Flood insurance helps you get back to your normal life. However, submitting a claim is never easy. Obviously, insurers need proof of damage and repairs before cutting a check. Equally, you need to understand the fine print of your policy to get the most out of your claim. Here are a few tips to help you navigate an insurance claim with less hassle and greater benefits.
The minute you realize you have flood damage, get your camera. Document everything, even if it seems like a minor detail. A single, sweeping shot of your flooded basement won’t be enough for your insurance company. Record the details, and make sure your photos have time stamps. Write up information to go with the photos to provide context, but make sure every written detail has photographic proof. For instance, if you mention that there were twelve inches of standing water in your basement, then take a picture with a yardstick in the water to measure the actual depth.
Record secondary damages, too. Once the water is gone, take pictures of the materials left on your floor, photograph water damage along the walls, and any other damage that is the result of flood damage. Typically, mold sets in early. If you see any discoloration or unusual growths, take a time-stamped picture immediately.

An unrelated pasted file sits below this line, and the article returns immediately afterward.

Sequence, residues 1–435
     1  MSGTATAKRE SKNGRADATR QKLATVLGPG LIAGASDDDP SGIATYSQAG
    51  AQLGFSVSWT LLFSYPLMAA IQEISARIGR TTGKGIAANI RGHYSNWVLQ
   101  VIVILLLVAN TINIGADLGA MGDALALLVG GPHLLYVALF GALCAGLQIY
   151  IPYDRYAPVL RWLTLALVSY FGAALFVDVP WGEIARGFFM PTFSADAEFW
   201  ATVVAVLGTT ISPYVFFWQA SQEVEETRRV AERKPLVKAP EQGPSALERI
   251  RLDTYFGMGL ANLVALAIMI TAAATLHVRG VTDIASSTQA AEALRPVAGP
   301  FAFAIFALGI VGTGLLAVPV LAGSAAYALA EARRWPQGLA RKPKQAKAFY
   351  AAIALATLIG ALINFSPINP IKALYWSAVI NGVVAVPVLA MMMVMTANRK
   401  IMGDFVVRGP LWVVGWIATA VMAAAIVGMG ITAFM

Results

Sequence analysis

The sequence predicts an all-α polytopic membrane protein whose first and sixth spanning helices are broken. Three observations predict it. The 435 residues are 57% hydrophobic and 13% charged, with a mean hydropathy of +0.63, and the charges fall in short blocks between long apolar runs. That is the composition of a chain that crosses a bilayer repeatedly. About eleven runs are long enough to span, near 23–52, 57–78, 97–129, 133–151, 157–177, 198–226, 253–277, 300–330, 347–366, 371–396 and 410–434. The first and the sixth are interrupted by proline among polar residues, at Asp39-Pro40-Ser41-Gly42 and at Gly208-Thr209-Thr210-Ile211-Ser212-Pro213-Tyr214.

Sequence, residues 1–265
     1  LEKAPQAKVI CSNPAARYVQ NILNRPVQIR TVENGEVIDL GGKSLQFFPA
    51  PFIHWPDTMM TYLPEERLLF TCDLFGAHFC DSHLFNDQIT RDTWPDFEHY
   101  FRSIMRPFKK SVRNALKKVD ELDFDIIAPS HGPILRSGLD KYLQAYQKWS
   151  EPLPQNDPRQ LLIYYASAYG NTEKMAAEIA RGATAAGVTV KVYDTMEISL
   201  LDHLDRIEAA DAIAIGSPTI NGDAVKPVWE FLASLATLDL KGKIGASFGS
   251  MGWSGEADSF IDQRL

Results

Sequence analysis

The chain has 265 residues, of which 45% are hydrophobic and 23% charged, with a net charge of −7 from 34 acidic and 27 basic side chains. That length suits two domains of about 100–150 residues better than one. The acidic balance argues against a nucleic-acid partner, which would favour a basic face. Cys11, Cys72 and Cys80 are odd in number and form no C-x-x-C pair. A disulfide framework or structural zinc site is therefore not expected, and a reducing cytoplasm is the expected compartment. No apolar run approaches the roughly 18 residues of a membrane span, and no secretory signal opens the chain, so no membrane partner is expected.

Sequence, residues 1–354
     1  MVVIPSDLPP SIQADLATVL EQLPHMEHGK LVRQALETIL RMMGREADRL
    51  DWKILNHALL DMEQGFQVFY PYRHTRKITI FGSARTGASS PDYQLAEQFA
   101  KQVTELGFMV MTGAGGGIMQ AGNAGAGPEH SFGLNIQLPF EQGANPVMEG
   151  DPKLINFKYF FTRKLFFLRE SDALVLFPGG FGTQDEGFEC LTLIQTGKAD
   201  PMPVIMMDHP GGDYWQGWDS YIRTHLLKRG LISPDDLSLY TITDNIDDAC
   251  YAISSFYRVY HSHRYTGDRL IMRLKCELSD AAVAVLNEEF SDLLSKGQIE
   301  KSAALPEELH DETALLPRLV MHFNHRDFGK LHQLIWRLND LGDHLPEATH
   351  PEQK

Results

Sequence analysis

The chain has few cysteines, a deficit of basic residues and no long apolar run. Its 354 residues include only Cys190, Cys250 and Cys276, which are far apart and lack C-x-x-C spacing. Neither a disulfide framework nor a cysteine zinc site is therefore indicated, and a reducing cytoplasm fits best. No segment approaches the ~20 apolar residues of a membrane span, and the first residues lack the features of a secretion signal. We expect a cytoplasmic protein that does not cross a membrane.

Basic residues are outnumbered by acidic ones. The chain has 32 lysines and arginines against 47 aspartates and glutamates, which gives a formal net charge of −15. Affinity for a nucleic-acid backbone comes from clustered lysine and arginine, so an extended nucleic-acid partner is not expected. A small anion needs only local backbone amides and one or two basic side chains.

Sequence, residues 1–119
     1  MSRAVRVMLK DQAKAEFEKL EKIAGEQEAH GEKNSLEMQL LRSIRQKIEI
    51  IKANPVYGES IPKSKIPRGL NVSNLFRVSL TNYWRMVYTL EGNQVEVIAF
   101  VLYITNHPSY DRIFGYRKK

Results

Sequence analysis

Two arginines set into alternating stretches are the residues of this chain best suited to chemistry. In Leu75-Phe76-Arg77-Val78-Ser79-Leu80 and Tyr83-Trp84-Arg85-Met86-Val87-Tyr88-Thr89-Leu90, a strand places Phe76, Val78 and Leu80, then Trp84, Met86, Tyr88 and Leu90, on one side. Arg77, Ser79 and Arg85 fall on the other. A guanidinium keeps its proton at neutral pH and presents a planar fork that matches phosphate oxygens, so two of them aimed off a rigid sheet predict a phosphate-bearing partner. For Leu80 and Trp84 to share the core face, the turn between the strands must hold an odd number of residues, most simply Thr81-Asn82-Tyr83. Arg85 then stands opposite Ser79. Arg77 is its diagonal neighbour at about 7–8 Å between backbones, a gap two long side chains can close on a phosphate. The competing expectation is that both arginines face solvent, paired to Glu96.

Review Your Policy Before You Submit a Claim
Insurance companies do not make money by paying out for claims. As a result, they will not pay for anything not explicitly covered in your flood insurance policy, and they will demand proof. That’s why documenting every bit of damage is so important. However, you need more than proof of the damage. You need to know what you’ve been paying for with your insurance premiums.
Before you submit a claim, carefully review your policy, including the fine print. Figure out what services your insurance covers. You also need to know what caveats your insurance provider puts on restoration experts, materials, and other mitigation. If possible, read your flood insurance policy before contacting remediation and restoration teams. Some insurers only allow for specific, prearranged companies to treat your home or business.
Reading your policy may also reveal privileges you didn’t realize you had. After a flood, you may be entitled to more compensation than you expected. For instance, you may be able to replace your carpet instead of simply cleaning it. Additionally, restoration expenses may be covered all the way through fresh paint and specialized repair services for heavily damaged furniture.
Keep an Open Line of Communication with Your Restoration Experts
Your remediation and restoration experts need to be kept in the loop. Discuss your insurance policy with them. They are almost always happy to work with an insurer’s unique demands. Documenting repairs and restoration is just as important as documenting damage, too. Ask whoever you work with to provide you with documentation of your claim. Advance notice is important, so they know what photographs to take and which reports to include.